Washington’s relationship with Tehran puts global community at odds

UN General Assembly

President Donald Trump addresses the 73rd session of the United Nations General Assembly, at U.N. headquarters, Tuesday, Sept. 25, 2018. (AP Photo/Richard Drew)

Divisions were on display at the United Nations General Assembly. U.S. President Donald Trump spent part of his speech to the world leaders gathered lashing out at Iran. The Iranian leader countered with accusations against the United States.

CGTN’s Nathan King filed this report from the United Nations headquarters in New York.

Iranian journalist and commentator Negar Mortazavi has had a tough job recently. She’s had to explain to Iranian audiences why the U.S. has unilaterally pulled out of the nuclear deal that lifted international sanctions, and hopes, inside her native country.

“I talk to Iranians on the ground all the time. People are either worried, or hopeless, and they are just angry at the current situation,” Mortazavi said.  “There were celebrations after the deal was struck and the Iranians were very hopeful of the economic benefits that the deal would bring to them, and they didn’t see as much as they were promised.”

The U.S. withdrawal from the deal, its re-imposition of sanctions on Iran, and the pressure Washington put on its allies and others to abandon the Iran deal will all be center stage at this U.N. General Assembly.

A lone Iranian diplomat, center, listen as President Donald Trump address the United Nations General Assembly, Tuesday Sept. 25, 2018 at U.N. headquarters. (AP Photo/Bebeto Matthews)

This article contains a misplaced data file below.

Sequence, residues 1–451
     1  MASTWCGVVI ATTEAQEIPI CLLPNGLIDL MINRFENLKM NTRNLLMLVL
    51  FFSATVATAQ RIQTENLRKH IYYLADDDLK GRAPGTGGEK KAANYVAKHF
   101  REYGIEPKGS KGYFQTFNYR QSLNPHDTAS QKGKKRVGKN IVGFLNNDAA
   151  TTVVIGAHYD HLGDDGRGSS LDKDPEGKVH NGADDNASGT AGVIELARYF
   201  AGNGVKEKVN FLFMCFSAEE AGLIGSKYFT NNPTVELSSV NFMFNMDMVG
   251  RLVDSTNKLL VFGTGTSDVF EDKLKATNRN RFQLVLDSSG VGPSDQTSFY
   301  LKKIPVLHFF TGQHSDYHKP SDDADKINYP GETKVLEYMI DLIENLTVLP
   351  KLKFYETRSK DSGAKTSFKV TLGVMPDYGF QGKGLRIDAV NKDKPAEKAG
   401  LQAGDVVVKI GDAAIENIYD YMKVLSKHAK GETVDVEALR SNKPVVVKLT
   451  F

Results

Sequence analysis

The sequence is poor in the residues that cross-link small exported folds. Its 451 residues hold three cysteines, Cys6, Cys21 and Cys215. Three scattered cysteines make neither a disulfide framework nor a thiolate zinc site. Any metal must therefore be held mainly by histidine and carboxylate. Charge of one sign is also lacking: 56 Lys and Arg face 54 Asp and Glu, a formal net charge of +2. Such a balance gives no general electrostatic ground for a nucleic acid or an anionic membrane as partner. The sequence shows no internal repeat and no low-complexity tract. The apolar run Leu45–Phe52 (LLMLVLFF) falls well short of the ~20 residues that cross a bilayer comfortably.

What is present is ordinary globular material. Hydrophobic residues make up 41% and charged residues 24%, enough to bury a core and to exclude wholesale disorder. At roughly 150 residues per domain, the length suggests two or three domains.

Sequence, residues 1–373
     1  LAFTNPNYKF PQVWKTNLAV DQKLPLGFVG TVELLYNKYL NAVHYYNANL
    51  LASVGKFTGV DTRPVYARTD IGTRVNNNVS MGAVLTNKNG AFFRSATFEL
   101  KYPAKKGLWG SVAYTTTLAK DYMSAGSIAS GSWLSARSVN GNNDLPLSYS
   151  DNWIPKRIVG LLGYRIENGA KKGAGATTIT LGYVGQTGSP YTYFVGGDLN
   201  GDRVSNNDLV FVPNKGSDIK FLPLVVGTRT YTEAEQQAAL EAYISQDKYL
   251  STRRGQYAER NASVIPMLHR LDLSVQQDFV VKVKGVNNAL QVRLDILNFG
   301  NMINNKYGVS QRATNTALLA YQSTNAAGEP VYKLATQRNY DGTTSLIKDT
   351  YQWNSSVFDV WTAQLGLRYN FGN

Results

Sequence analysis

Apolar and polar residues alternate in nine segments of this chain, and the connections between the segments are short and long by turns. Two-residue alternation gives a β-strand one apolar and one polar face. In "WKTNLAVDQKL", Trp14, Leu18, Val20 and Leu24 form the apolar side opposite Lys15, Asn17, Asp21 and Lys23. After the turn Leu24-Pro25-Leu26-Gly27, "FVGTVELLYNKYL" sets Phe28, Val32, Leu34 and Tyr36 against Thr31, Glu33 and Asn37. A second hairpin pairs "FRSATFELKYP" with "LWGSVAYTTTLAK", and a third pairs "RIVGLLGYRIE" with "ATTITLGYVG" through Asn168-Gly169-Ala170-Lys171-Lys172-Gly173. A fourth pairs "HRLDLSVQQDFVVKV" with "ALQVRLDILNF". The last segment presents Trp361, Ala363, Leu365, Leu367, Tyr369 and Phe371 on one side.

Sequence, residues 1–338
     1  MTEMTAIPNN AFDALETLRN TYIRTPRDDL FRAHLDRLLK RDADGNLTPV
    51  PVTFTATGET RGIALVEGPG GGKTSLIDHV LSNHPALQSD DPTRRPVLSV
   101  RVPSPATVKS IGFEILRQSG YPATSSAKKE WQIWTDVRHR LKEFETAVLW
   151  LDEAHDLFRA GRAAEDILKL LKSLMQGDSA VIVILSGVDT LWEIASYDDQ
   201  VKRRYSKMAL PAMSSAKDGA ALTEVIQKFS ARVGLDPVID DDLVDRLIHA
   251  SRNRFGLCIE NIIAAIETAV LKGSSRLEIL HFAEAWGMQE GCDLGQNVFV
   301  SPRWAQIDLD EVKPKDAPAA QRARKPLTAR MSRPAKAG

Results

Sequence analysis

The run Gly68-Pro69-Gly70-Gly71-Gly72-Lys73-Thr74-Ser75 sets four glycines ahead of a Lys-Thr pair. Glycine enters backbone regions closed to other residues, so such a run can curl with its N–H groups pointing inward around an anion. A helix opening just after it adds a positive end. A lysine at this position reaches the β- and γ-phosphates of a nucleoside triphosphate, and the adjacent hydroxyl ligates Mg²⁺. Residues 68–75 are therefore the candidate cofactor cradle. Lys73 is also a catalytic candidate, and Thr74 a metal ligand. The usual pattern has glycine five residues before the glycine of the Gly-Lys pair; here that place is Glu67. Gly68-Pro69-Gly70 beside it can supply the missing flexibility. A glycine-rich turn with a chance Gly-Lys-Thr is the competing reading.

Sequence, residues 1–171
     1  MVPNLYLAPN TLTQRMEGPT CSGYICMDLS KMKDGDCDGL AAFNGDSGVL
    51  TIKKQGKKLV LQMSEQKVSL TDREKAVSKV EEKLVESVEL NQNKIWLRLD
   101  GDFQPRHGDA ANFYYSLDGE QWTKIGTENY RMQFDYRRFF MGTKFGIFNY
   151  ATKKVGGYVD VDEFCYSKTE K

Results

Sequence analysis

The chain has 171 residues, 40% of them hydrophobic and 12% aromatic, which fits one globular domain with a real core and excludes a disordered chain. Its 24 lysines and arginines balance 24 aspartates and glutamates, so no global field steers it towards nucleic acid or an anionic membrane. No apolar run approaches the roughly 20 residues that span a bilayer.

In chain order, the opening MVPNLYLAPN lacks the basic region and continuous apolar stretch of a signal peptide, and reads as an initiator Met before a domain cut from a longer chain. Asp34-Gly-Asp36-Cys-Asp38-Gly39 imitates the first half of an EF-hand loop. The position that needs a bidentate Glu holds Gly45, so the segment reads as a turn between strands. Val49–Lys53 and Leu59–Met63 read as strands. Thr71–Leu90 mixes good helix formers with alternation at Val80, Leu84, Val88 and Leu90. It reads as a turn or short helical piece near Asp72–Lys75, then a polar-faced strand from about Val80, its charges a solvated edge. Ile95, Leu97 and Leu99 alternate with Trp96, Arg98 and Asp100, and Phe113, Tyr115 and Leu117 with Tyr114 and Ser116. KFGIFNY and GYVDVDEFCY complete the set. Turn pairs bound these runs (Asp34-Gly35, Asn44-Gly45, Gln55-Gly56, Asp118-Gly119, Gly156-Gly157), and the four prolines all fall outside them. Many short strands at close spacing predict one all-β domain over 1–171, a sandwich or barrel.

U.S. President Trump is set to chair a United Nations Security Council meeting, where the subject of the Iran nuclear deal is likely to come up.

Trump is widely expected to use his appearances at the United Nations General Assembly to highlight what Washington calls ‘bad behavior’ by Iran in Syria, Yemen, and elsewhere in the Middle East. Analysts also expect Trump to pressure U.S. allies and big buyers of Iranian oil to stop doing so with a U.S.-declared deadline of November 4.

Mortazavi thinks Trump will have a tough time getting the international community on board.

“This is not just a question of trade. This is a question of security for Europeans, because Iran in the Middle East is an area that is very close to them geographically,” she explained. “But, there is also a question of principles for certain European diplomats who put almost a decade and a final two years of rigorous negotiations into this thing, and don’t understand why President Trump had to unravel it unilaterally.”

Many nations, like India and Japan, want to continue to buy Iranian oil, and have asked the U.S. to exempt them from sanctions. Russia and China have vowed to keep the Iran nuclear deal on track, despite U.S. withdrawal and pressure.

Some suspect Washington is trying to make Tehran collapse economically, ushering in a change of government.

“I think that this administration is not very sure what their policy is,” Mortazavi said. “In public, they are saying that their policy is not ‘regime change,’ because regime change would require military intervention. Regime change would require, essentially, another war in the Middle East, something President Trump has been critical of.”

Ahead of President Trump’s Security Council meeting, the assembly will hear directly from Iranian President Hassan Rouhani from the U.N. General Assembly platform. According to the United Nations, Tehran has stuck to the nuclear agreement and is still living up to its side of the deal. However, pressure is growing economically and politically in Iran to take a more confrontational position towards Washington, making this coming week’s diplomacy crucial.

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